Atomic Blonde is an easy sell: It’s Charlize Theron in a stylish thriller from one-half of the directing duo behind John Wick. But the first solo directorial effort from David Leitch is a little more James Bond than Blonde Wick — James Blonde, maybe, and that’s not a bad thing. It’s certainly more plot-driven (and at times, slightly convoluted) than John Wick, but no less enjoyable, and though the action scenes are every bit as awesome as you’d hope, it’s not quite the film you might be expecting.
Between Atomic Blonde and John Wick: Chapter 2, it’s pretty clear that Leitch and Chad Stahelski are every bit as talented apart as they are together — even still, comparisons between their intensely great directorial debut and subsequent projects are inevitable. Atomic Blonde holds up under such scrutiny, thanks in no small part to a game performance (and stunt work, of course, because that’s what you’re here for) from a charismatic Theron, who plays an elusive MI-6 spy sent to Berlin to retrieve a list which contains the names of several agents — including herself — that, if leaked, could compromise them all.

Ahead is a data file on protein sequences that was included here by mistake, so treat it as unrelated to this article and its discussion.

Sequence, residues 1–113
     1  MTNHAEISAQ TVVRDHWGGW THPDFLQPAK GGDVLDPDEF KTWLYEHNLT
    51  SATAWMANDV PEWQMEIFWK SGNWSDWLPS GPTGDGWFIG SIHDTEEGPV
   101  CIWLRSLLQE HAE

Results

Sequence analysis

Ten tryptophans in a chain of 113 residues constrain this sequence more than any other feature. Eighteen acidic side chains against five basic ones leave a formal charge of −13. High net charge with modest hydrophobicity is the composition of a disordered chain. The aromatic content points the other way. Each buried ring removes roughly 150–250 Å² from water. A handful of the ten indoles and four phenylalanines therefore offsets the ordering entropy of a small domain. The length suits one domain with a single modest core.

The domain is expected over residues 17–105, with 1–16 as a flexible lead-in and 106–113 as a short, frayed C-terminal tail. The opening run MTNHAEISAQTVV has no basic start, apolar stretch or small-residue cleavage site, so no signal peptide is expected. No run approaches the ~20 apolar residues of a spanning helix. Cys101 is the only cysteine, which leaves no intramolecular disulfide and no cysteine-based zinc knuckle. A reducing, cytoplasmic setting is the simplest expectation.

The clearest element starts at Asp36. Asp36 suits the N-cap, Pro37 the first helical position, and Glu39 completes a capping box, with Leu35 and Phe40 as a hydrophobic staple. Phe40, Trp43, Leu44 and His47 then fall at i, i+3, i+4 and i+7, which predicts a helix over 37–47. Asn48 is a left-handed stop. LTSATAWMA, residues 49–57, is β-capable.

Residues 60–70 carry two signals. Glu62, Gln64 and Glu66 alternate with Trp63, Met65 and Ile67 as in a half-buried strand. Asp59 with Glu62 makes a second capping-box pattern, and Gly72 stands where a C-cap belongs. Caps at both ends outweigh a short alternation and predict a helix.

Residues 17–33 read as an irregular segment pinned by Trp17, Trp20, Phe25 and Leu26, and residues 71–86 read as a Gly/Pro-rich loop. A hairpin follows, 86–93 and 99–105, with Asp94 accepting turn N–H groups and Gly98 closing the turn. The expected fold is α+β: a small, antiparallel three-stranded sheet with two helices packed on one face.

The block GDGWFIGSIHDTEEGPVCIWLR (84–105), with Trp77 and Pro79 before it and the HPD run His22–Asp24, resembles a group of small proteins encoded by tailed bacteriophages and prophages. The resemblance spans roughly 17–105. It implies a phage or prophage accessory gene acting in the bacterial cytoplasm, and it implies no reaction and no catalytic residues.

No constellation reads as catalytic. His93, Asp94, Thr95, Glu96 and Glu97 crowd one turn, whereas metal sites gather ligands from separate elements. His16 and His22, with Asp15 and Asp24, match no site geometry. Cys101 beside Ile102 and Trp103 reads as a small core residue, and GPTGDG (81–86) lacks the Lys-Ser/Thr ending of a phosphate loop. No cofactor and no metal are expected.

Set in the late ’80s, Atomic Blonde opens with iconic footage of President Ronald Reagan calling for the demolition of the Berlin Wall. The opening title cards briefly explain the wall and the era’s political turmoil before informing us, via punk-ish graffiti sprayed across the screen, “This is not that story.”
In one of the most striking cinematic introductions in recent memory, we meet Theron’s Lorraine Broughton, covered in bruises and soaking in an ice bath. She sits on the edge of the tub and plunks ice cubes from her bath into a glass, filling it with Stoli and gulping it down without the slightest wince. If you’ve been waiting for a female 007, she’s here — and she might be even cooler than Bond with all his ridiculous gadgets.